All in a Day's Work: Shoplifting Arrest Turns to Topless Wrestling Match at OKC Mall

Sometimes, things just don't turn out the way you expected. Saturday was such a day for a shoplifter, a Penn Square Mall security guard, a store manager, and dozens of shoppers who witnessed a bizarre scene unfold. Reports say Heather Lynn Hall, 41, also known in court records as Heather Fennel, was attempting to shoplift merchandise from The Buckle in Penn Square Mall. When she was approached by a mall security guard, she wrestled out of her shirt in an attempt to evade apprehension, and the guard and the topless woman struggled on the floor for several minutes before an Oklahoma City police officer arrived and arrested the shoplifting suspect. According to a police report, Hall told police that she blamed her shoplifting on drug addiction. Police indicate that the woman has at least four prior arrests for larceny from a retailer. Additionally, an Oklahoma court records search shows that the woman has received several deferred sentences in Oklahoma County and Cleveland County. Her prior record includes the following offenses:

  • Simple possession of oxycodone (felony) - 1 year deferred sentence in 2007, including mandatory AA meetings four times a month during that year
  • Unauthorized use of a vehicle (felony) - 2 year deferred sentence in 2008
  • Larceny from a retailer (misdemeanor) - 1 year deferred sentence in 2010, but updated to a conviction the following year when the defendant failed to pay restitution or probation costs as ordered
  • Possession of a Controlled Dangerous Substance/cocaine base (felony) and possession of drug paraphernalia - 5 year deferred sentence in 2010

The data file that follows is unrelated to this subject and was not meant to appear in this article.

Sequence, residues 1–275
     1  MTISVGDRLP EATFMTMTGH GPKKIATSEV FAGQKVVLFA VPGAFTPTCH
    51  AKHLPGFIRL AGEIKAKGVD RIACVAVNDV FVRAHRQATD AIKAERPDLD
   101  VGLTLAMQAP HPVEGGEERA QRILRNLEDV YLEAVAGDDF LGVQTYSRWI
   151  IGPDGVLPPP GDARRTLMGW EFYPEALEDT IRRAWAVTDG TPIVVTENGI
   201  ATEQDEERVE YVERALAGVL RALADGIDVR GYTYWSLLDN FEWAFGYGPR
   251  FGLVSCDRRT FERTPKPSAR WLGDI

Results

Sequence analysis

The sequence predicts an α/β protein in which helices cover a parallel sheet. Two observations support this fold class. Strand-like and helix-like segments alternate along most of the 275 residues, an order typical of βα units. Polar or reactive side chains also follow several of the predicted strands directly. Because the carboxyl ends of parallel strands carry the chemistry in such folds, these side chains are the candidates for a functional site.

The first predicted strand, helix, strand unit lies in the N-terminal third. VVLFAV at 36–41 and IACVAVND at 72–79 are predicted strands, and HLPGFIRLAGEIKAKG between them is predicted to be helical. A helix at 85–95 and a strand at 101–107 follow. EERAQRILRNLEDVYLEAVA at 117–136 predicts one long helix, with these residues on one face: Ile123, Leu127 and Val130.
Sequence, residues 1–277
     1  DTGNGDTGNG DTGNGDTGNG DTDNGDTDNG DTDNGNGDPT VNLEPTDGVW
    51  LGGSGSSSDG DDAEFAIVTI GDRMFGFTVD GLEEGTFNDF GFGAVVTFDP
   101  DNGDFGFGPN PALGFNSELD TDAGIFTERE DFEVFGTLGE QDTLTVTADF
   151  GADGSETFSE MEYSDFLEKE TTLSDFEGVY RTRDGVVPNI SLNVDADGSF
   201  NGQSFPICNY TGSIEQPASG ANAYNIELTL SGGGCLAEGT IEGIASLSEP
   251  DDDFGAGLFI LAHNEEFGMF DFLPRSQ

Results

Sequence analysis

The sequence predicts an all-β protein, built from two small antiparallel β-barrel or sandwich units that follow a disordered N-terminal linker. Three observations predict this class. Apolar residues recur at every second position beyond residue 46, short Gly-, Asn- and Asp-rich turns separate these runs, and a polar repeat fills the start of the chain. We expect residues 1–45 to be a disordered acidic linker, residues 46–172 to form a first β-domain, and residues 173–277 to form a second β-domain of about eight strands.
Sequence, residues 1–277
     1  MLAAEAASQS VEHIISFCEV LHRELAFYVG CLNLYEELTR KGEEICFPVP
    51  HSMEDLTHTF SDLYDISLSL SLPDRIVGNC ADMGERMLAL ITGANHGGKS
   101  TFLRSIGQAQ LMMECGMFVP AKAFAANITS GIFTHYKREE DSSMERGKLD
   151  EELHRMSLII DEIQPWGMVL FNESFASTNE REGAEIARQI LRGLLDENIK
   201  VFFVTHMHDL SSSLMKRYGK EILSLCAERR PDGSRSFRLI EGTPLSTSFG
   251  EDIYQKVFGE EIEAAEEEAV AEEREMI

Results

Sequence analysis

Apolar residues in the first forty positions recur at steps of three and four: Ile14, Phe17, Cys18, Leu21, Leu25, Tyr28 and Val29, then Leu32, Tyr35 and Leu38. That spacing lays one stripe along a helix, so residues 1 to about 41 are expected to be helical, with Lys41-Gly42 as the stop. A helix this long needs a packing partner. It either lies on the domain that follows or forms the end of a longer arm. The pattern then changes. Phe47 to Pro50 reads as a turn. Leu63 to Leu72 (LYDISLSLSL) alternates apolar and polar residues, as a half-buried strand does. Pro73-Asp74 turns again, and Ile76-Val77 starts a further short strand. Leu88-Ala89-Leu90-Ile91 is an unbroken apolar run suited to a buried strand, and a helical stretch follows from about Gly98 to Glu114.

Often, drug addiction and shoplifting go hand-in-hand. Fueled by addiction and a need to get more drugs, many addicts turn to simple theft to get the money required to buy the painkillers, narcotics, and illegal drugs their addiction demands. Last month, the United States Supreme Court rejected the appeal of an Oklahoma woman sentenced to life in prison for shoplifting. Cecilia Cathleen Rodriguez was sentenced to life in prison in 2009 after rejecting a plea that would have given her a sentence of 17 years. The Oklahoma Attorney General said that Rodriguez's life sentence was not about her theft of two purses from a Dillard's store, but rather the 28 prior convictions that led the sentencing judge to call her a "one-person crime wave." Rodriguez's attorney argued that his client's long history of theft could be tied to her heroin addiction. He noted that prison clearly wasn't the solution to stopping the thefts, but rather treatment for her addiction would be the best outcome. Oklahoma County District Judge Ray Elliott was unmoved by the story of an addict who was caring for her elderly mother and living on disability and food stamps. He called her the "poster child" for why thieves should be incarcerated, saying, "It’s past time to say, ’Enough is enough.’ She needs to be warehoused for the rest of her life." But when is enough enough? Hall told police that people should be sympathetic to her mental health issues. Rodriguez's mother calls her a "good girl" who "has a problem." Is it reasonable to lock up these repeat offenders for prolonged sentences, or should we instead try to solve the root problem of addiction through extensive treatment, counseling, and supervision?

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